I was immediately impressed with the Assassinator AS-900G hunting light when I received it in the mail. It comes nicely packaged in a handy hard case to help keep all the extras neat and organized. It is a rugged light that is built from machined aluminum with an anodized finish. The fit and finish is first class, and it is well balanced without being overly bulky or heavy. It comes with a spare battery, which is a nice touch, and not seen much in todayís world. The charger allows you to charge two batteries at once, allowing you to charge the spare at the same time. The Assassinator comes with both an AC charger and a car charger, which is great when camping with no AC power available.
I decided to mount the light on my hog gun, a Rock River Predator Pursuit. Not having tested the light before, I decided to leave my Streamlight TLR-1s mounted on the gun. I added the Assassinator with the mount that came with it. It turns out this mount worked great, because I have flip up scope covers. The mount allowed me to move the light off center, to prevent the scope covers from blocking the light. I added the remote switch to the light, as it comes with both a remote switch and a conventional flashlight button type cap. The weight of the added light was insignificant and didnít seem to affect overall balance of the gun at all.
Once it got dark I went outside to test it, side by side with the Streamlight. The TLR-1 is an awesome light, and I had doubts the Assassinator would be in the same league on brightness. However the TLR-1 has caused me to miss some hogs, due to scaring the hogs off when I turn it on. With both lights mounted I alternated turning each of them on, and I was totally amazed with the power of the green light from the Assassinator. It is every bit as bright as the TLR-1, but without the harshness of the white light. It cast a very strong beam of light down the center, with a secondary wider beam of ambient light around it, which makes for a great peripheral view. Should hogs be off to the side of where youíre pointing, the ambient light around the bright bean will still light them up and help you get on that hog fast. There is a small county roadside at the bottom of my hill. I could easily light this up and see it in the crosshairs at 355 yards, verified with my laser rangefinder. I am not sure what the maximum range would be to see a critter in your scope with the Assassinator, but I am confident itís at least 355 yards plus. I went back inside totally impressed with what the green LED light was capable of. This is a true green LED, not a green lens over a white LED.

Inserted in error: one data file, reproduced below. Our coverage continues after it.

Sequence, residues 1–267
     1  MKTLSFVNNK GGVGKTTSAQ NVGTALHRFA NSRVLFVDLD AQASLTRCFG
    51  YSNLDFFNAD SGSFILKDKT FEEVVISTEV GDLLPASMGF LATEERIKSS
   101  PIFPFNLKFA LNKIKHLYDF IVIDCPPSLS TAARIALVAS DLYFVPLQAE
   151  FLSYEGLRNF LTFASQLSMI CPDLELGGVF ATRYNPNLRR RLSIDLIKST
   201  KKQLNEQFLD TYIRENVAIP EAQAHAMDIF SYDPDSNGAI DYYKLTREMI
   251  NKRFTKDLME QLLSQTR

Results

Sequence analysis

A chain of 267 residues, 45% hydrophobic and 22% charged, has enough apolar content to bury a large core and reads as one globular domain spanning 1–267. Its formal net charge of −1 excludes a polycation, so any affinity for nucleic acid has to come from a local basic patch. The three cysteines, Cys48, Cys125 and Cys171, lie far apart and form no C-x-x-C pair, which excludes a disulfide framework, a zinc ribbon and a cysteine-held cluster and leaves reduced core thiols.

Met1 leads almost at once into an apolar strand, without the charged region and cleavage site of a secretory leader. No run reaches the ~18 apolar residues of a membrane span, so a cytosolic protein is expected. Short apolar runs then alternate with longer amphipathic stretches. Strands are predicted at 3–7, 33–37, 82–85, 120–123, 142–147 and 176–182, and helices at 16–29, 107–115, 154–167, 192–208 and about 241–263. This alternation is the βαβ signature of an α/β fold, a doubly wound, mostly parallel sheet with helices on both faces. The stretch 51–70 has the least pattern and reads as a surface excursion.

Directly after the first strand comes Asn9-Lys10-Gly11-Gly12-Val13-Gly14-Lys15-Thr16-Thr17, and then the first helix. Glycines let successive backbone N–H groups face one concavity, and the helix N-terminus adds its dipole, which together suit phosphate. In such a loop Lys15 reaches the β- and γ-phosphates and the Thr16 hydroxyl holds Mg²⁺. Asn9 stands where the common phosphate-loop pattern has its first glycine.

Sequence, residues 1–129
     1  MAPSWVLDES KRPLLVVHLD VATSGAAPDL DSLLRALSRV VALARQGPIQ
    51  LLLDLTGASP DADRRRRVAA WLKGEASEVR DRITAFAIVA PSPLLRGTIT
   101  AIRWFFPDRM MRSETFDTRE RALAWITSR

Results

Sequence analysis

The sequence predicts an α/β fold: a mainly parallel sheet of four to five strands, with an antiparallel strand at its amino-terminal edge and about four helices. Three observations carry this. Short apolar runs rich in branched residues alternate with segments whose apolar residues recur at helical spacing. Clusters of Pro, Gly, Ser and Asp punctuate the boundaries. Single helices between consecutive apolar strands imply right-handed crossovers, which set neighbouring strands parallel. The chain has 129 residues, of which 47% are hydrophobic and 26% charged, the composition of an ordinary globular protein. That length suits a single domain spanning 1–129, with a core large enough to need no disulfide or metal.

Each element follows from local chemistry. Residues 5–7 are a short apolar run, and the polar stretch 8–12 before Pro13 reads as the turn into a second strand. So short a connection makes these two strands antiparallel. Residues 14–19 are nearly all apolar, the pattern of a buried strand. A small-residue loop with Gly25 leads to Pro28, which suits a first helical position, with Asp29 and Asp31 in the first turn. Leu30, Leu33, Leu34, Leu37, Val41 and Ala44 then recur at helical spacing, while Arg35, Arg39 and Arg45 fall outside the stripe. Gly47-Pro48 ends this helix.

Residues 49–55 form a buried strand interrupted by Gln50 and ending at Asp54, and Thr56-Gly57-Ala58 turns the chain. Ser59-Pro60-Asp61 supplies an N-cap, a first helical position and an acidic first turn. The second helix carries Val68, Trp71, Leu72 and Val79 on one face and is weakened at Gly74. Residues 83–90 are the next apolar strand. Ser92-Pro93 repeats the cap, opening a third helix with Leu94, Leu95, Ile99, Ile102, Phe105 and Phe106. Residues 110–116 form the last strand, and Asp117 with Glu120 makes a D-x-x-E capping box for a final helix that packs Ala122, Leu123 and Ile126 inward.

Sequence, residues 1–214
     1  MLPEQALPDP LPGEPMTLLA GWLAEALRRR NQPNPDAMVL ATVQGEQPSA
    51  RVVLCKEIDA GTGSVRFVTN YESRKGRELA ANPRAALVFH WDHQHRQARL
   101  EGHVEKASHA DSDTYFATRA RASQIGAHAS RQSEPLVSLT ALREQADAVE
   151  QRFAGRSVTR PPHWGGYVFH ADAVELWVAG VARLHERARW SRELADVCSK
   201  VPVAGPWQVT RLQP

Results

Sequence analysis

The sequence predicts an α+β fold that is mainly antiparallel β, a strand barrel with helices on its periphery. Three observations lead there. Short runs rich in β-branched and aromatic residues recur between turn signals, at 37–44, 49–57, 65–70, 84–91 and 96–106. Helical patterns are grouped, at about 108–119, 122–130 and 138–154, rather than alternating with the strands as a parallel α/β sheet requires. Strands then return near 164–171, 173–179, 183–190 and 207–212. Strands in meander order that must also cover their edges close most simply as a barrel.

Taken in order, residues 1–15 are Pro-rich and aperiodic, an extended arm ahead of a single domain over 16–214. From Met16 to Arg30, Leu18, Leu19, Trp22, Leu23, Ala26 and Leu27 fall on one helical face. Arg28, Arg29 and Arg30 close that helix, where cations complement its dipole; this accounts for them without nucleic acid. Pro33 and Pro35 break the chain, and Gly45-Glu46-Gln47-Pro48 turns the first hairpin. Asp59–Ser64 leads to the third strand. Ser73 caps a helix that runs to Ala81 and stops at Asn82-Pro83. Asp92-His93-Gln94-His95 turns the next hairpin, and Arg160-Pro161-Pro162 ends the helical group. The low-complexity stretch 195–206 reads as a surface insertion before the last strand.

Once it was dark at camp, all of us flashlight nuts came together to show off our toys. We had a collection of lights that must have cost several thousand dollars. I almost felt bad when they discovered just how underpowered their lights were compared to the Assassinator. None of the other gun mounted lights were in the same league, and the one light that came close was a giant handheld spotlight that couldnít possibly be mounted on a gun. Sadly, the brutal heat in southern Arkansas kept the hogs at bay and we didnít kill anything. We could hear some close, but they stayed in the deep underbrush and never exposed themselves. However I did manage to light up a few armadillos, just to show off the Assassinator to the other hunters.
I have decided to remove the TLR-1 from my hog gun, and put in on my home defense gun instead. The white light spooks hogs and the green light is the way to go. Happily I will not have to give up the brightness for long range, and will get more kills in the future, due to the well built Assassinator AS-900G. I highly recommend it to anyone hunting critters at night!
Steve Smith resides in central Missouri and is a Cal 50 ballistics engineer at Lake City Army Ammunition Plant in Independence, MO. Steve says he has a job doing something he loves, and gets paid to do it. He is a lifelong gun enthusiast who loves shooting, hunting, collecting guns and the great outdoors. Although he is a deer hunter, his biggest passion is hunting hogs, calling coyotes and dove hunting. Steve takes great pride in clean one shot kills, and always strives for them.
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